The Spanish Broadcasting System (SBS) will be the inaugural media company to trial WideOrbit’s programmatic radio beta program, released Friday.
SBS is the largest publicly traded, Hispanic-controlled media company in the US. Through the alliance with WideOrbit, a broadcast technology provider and a cross-channel SSP, the SBS will make its digital radio inventory available to brands, agencies and DSPs.
The program aims to help marketers reach Hispanic audiences via programmatic channels for digital radio, in the same ways they reach that demographic via digital display or digital video.
WideOrbit’s heritage is in broadcasting, but the company acquired four companies last year in order to bridge its offerings into digital. The acquisitions, dating back to April 2014, include Fivia for premium order management, Abacast for its streaming audio capabilities, CastFire for podcasting and dynamic ad insertion and Admeta, a digital SSP that was rebranded as WO Programmatic.
“This solution directly integrates into our dynamic ad insertion and premium streaming audio solution, WO Streaming,” said Brian Burdick, EVP of digital and programmatic at WideOrbit. “You get the ability to plan and book your premium audio ads, and you get the ability to push your unsold inventory to programmatic, where its bought by companies like The Trade Desk.”
WO Streaming competitors include Triton Digital, AdsWizz and Jelli in the terrestrial programmatic radio.
Through the beta program, WideOrbit will aggregate and provide metrics such as geolocation, device and listening figures. WideOrbit has also integrated Nielsen’s recently released audio measurement SDK, which works similarly to Nielsen Digital Ad Ratings.
Mike Davis, GM of digital audio and radio at The Trade Desk – which is in the early phases of integrated WideOrbit through an exchange partner – sees its expansion into digital audio as a natural progression for programmatic, and one that gives rise to new questions.
Davis said one challenge is category blocking around ad placements to ensure that competing brand ads don’t run back to back.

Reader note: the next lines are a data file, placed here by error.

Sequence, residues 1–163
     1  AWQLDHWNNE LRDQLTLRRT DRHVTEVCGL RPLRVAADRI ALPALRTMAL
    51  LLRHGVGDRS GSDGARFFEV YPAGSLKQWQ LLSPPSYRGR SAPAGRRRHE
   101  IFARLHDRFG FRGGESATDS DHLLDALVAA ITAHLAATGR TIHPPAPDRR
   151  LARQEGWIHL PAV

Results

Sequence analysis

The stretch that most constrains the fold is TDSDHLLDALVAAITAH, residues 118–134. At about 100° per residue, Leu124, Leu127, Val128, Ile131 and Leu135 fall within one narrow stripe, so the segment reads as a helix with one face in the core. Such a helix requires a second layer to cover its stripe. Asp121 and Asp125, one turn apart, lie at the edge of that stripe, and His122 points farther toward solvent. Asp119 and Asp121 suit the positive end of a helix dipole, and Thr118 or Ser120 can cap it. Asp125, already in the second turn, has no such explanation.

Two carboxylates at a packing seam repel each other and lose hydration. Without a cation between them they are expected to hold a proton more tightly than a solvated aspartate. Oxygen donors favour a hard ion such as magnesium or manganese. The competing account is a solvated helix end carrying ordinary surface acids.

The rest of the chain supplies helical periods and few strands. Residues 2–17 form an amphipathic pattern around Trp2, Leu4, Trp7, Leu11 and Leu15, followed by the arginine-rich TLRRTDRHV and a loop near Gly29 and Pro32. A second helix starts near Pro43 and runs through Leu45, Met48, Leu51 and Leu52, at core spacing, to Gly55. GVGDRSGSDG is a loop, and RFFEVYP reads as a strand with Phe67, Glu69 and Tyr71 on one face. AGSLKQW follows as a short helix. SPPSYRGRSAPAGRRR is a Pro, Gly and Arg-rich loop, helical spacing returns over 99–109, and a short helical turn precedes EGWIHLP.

A larger challenge is cross-device. “It’s really easy when you’re on a mobile device streaming audio, but it gets more interesting when you start to talk about some of the devices that are built into cars,” he said.
WideOrbit’s Burdick has to convince buyers that digital audio matters.
“One of the biggest challenges moving into this space is that digital audio has largely been purchased by radio buyers and not digital buyers,” Burdick said. “As a result, it’s just not on the menu for digital.”
He’s pushing audio’s low CPMs –it costs 20% as much as digital video to get 50% of the effectiveness according to Burdick – making it a relative bargain.
“There is a liquidity problem,” he said. “We’re doing everything we can to make it look exactly like digital video programmatic, so that it’s very easy for any programmatic vendor to plug in and buy.”
It wasn’t a hard sell for the SBS. The beta program marks the broadcaster’s first foray into digital audio programmatic advertising and will run on 13 of the SBS’s owned and operated radio stations, notably the top Spanish-language station in the US, WSKQ-FM New York.
Jesus Lara, EVP of digital media at Spanish Broadcasting System, said the company was excited to get out ahead of the pack.
“Audio is the last format to be brought into the programmatic world, and we’re really excited to be at the forefront,” Lara told AdExchanger. “This could solve a lot of the challenges that many buyers face when they’re trying to reach highly qualified Hispanic audiences. Programmatic will streamline the ability of some of the major players to target our audience on digital platforms. It’s an opportunity we see as incremental.”
The beta program won’t initially transact on a large volume of inventory. But it's still early days, and with the IAB’s Digital Audio Buyer’s Guide released Thursday, buyers are more outfitted to plunge into digital audio programmatic channels.